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End Of An Era
Last week marked one of the most dramatic and anticipated television series finales with the end of the hit series Mad Men. It’s the end of an era, so we found it fitting to take a look back on the iconic AMC show centered around advertising, how it showcased product placement as a plot line, and how advertising has changed over the years.
The Evolution Of The Advertising Industry
“Don likes strangers. Don likes winning strangers over. He likes seducing strangers, and that is what advertising is.” - creator Matthew Weiner
While we can agree that the advertising industry and other means of brand marketing have evolved quite a bit since the Mad Men era, the show perfectly captured this relationship between brands and people in society. The plot set in an ad agency allows brands to play a natural key role, which acts as a bonus for entertainment marketing strategy today.
Infographic Source: Velocify
The Influence Of The Show
The May 17 series finale garnered 3.3 million total viewers, with 1.4 million coming from the target 18-49 demographic – all highs for the AMC network.
Mad Men garnered a level of cult-following with instant episode-review message boards, soundtrack guessing games, outfit critics, and more from what used to be a passive consumer audience. The impact of the series lies in this drive for viewers to be active, connect with one another, and want to replicate the iconic lifestyle designed to mimic the period in which it was set. This became a perfect vehicle for clothing and accessory, liquor, and other lifestyle brands to become synonymous with the characters. People tuned in week after week to see what would happen next with the agency, or the failing relationships, but also to see the scene of the next corporate party for what Don would be drinking, what Joan would be wearing, or what Sally would be listening to.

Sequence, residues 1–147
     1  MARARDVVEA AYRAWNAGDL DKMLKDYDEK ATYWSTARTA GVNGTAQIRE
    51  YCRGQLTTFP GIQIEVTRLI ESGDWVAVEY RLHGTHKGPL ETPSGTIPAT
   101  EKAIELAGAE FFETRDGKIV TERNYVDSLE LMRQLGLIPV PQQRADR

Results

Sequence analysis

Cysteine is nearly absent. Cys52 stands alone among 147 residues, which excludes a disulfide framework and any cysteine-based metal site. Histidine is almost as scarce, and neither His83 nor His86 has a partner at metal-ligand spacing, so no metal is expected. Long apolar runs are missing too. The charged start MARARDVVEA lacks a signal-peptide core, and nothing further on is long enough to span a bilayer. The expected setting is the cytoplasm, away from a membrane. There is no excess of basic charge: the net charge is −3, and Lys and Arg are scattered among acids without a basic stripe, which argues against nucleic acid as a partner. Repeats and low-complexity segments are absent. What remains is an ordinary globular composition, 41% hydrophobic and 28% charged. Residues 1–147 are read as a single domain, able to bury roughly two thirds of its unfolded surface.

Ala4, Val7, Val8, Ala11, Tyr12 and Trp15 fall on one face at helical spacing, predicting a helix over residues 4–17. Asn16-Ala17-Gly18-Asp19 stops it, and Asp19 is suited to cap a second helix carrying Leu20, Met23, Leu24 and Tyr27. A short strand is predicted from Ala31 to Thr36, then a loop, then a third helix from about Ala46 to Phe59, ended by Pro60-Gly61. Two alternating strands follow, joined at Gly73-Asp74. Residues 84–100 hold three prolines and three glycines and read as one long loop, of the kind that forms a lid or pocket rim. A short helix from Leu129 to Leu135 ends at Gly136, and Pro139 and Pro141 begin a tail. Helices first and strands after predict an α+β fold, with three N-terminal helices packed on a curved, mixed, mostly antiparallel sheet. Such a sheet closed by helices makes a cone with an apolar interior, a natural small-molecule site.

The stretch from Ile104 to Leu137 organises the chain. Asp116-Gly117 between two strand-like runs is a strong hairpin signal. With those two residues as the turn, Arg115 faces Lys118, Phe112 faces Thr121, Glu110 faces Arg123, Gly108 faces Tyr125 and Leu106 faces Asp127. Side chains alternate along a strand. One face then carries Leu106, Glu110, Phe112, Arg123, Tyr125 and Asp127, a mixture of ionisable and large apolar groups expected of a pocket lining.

While the finale incorporated all the traditional key ingredients of character development (Don, Joan), romance (Peggy and Stan, Roger and Marie), and family tragedy (Betty), the true star of this episode was Coca Cola. The iconic hilltop commercial marked the culmination of Don Draper's work and was reinforced as a marker of the era. Having this commercial as a lead role shows both the influence of the advertising industry during that period and the timeless influence of a truly strong brand in society.
Continue The Conversation
Check out our website for the Hollywood Branded case study on our Canadian Club integration - Don Draper's drink of choice - with Mad Men over the years.
Before you spend another dollar on traditional advertising, consider the use of product placement/brand integration in your entertainment marketing strategy. Watch our video to learn techniques to conquer common advertising challenges!
Stacy Jones, Hollywood Branded's founder and CEO, has over twenty six years of leadership experience building global entertainment branding campaigns for top Fortune 500 companies and hundreds of brands. Her career started after receiving her BFA in Theater Production & Scenic Design from the University of Arizona. Acknowledged as an expert in the field, she has appeared on CNN and MSNBC; spoken at conferences around the globe from Germany to Beijing; and has been featured in Forbes, The Wall Street Journal, The Hollywood Reporter, Financial Times, The Economist, Brandweek, Advertising Age, Variety, B&C and Mediaweek amongst others. Originally from Texas, you will still hear her ya’ll as she gathers the team for strategy planning sessions. Like all true entrepreneurs, Stacy is an adventurer at her core – having sky dived, hang glided off bi-planes, swam with crocs while rafting the Zambezi in Africa, photographed grizzly bears in Alaska, trekked Mayan ruins in Belize, explored the ocean as an avid scuba diver, and who loves owning an advertising agency where she swims with a different type of Hollywood shark on a daily basis.